VCU Health System (VCUHS)
VCU Health System and VCU Medical Center
VCU Health System is comprised of MCV Hospitals & Clinics, MCV Physicians, Community Memorial Hospital, Neuroscience Orthopaedic and Wellness Center, Emergency Center at New Kent, Stony Point Clinics, Virginia Treatment Center for Children, and the Children's Hospital of Richmond. The combination of the VCU Health System with the five, on-campus health science schools (Allied Health, Dentistry, Medicine, Nursing and Pharmacy) creates the VCU Health Medical Center. As a university teaching and research center, and the largest acute care hospital in Virginia with 811 beds, VCU Health System provides diverse and comprehensive services, such as transplantation for heart, kidney, liver and other organs. VCU Medical Center offers state-of-the-art care in more than 200 specialty areas. The clinics and outpatient services create a major ambulatory care facility with more than 400,000 outpatient visits annually.
General Residency Overview
The pharmacy residency programs at the VCU Health System began in 1970 as a two-year program associated with the Master of Science degree from Virginia Commonwealth University. In 1972 the hospital pharmacy program was accredited by the American Society of Hospital Pharmacists and graduated its first resident. The residency became a one-year general program in 1977. In 1983 the clinical pharmacy residency was introduced, and these programs were merged into the pharmacy practice program 1992, following the evolution of PGY1 residencies. VCU Health System now offers a PGY1 Pharmacy Practice residency, and several PGY2 residencies. Since 1972, the VCU Health System programs have graduated over 300 residents.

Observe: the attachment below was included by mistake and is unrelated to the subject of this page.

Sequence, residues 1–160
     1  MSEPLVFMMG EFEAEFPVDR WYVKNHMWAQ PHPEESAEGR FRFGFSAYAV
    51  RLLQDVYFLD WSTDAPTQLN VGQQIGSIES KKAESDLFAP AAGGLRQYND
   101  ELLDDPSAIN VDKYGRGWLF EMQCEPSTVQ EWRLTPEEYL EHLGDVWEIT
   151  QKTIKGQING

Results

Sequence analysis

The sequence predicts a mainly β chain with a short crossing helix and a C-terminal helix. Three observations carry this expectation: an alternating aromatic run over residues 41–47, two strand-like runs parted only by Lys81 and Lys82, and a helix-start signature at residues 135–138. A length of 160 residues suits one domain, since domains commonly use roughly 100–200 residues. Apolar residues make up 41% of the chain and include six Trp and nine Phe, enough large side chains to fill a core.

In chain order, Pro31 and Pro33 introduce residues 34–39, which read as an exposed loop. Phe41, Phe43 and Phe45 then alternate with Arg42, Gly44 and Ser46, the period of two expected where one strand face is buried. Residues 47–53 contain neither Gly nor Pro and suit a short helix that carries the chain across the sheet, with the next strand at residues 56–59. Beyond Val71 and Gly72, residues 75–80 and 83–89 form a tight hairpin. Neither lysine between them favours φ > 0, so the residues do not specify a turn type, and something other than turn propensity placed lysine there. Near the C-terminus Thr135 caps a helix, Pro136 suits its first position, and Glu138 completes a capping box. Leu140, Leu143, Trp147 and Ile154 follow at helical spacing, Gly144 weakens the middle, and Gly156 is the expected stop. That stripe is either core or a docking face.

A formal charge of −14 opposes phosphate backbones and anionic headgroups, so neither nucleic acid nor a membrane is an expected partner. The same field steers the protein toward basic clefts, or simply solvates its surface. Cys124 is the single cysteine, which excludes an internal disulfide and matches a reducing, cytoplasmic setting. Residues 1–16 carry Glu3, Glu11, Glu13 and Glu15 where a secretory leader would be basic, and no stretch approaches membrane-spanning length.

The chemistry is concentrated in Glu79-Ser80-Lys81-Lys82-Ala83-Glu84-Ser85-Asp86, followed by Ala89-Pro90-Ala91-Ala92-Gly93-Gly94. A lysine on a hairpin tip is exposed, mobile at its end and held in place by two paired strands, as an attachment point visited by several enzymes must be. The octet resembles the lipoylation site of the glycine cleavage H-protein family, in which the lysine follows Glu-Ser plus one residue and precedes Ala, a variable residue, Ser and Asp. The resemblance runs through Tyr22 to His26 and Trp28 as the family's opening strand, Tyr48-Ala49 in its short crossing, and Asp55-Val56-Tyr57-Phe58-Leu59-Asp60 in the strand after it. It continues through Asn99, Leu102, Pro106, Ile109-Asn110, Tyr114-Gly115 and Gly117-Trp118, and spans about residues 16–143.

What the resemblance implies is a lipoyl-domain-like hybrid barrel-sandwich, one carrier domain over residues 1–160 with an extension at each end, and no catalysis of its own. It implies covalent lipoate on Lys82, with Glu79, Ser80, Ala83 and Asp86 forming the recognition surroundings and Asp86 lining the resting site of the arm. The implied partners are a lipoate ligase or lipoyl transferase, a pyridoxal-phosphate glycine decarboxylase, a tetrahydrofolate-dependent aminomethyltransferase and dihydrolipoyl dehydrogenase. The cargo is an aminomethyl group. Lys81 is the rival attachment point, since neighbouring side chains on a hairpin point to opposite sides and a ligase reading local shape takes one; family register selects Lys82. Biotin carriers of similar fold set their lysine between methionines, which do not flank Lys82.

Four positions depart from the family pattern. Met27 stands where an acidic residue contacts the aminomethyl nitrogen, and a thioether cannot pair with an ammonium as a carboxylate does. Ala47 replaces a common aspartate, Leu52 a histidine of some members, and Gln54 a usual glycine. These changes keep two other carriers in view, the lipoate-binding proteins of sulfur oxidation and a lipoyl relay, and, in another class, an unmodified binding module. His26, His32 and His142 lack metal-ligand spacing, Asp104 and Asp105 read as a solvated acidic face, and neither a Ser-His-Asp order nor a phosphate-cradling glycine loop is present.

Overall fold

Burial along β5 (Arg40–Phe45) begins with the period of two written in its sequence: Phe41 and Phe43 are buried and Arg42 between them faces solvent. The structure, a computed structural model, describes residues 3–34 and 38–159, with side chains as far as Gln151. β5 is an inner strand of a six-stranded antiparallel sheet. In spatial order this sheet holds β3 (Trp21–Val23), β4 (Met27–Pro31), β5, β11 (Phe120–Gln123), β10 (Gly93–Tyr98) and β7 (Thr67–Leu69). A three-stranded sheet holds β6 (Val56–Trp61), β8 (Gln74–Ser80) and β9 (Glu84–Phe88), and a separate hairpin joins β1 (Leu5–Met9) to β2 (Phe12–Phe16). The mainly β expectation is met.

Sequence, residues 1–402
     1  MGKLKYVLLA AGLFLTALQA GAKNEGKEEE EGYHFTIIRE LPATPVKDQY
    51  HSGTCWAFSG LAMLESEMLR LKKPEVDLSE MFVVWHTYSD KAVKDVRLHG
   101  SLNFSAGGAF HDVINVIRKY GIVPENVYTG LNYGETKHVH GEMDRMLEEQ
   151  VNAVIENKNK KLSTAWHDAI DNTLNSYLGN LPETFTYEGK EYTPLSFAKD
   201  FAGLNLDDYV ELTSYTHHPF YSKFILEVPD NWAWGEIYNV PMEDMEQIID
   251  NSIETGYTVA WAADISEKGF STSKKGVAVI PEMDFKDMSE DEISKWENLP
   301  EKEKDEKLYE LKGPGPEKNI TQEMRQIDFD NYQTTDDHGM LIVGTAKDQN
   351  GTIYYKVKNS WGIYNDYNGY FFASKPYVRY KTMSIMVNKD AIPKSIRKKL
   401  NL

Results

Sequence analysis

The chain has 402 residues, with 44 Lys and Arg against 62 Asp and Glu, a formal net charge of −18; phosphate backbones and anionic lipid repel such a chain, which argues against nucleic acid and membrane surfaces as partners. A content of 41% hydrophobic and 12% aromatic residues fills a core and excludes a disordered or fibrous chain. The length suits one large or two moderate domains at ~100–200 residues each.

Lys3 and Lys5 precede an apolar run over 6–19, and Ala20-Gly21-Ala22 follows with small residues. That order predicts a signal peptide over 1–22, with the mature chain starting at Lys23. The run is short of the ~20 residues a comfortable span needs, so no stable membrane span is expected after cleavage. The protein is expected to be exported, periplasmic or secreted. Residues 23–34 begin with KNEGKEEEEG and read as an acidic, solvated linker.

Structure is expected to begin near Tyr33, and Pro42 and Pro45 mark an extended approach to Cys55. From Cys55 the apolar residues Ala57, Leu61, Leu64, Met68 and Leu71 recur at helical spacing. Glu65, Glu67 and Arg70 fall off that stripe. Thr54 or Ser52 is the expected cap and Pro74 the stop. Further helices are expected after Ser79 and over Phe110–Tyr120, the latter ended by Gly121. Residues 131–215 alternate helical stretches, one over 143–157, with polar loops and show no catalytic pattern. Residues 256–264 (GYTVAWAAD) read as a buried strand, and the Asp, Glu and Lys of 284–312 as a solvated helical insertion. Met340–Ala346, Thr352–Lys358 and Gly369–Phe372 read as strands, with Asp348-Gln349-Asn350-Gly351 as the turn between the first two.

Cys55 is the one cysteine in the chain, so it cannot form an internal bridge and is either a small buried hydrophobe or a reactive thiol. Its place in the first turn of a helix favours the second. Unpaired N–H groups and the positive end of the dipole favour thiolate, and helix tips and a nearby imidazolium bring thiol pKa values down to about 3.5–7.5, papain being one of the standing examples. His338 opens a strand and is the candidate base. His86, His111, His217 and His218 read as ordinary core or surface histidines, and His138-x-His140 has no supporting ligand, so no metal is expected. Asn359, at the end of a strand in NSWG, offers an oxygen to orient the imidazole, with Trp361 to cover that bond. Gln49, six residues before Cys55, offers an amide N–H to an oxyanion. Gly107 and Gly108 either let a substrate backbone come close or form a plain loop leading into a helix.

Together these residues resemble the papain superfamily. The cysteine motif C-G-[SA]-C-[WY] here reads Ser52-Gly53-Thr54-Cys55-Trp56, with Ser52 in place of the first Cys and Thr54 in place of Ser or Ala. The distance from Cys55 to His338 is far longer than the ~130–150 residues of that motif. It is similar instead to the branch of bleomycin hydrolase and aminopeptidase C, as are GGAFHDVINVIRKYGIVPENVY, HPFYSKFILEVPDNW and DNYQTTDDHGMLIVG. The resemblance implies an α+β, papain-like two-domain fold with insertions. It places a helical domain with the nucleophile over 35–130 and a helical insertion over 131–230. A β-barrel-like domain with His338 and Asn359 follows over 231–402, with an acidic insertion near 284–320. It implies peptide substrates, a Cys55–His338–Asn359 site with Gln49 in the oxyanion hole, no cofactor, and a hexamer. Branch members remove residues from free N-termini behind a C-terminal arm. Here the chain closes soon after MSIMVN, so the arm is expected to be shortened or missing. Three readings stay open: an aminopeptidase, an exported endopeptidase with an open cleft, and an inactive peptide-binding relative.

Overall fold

The primary goal of each residency program is to provide practical training and experience, while offering the resident the opportunity and stimulus to develop, to the highest degree attainable, his or her professional expertise in the provision of pharmaceutical care. The VCU Health System residency programs are accredited and participate in the respective ASHP/NMS PGY1 and PGY2 Matching Programs, as well as PhORCAS, with the exception of the Pharmacy Administration program which was introduced two years ago.
Each residency program has a program director who guides the specific activities of that residency. A programs coordinator manages the VCU Health System pharmacy residency program processes that are common to programs including the orientation, rotation scheduling, annual activity assignments, annual retreat, external professional activities, and human resource/personnel activities. The residents report administratively to their program director, the programs coordinator, and the pharmacy services director.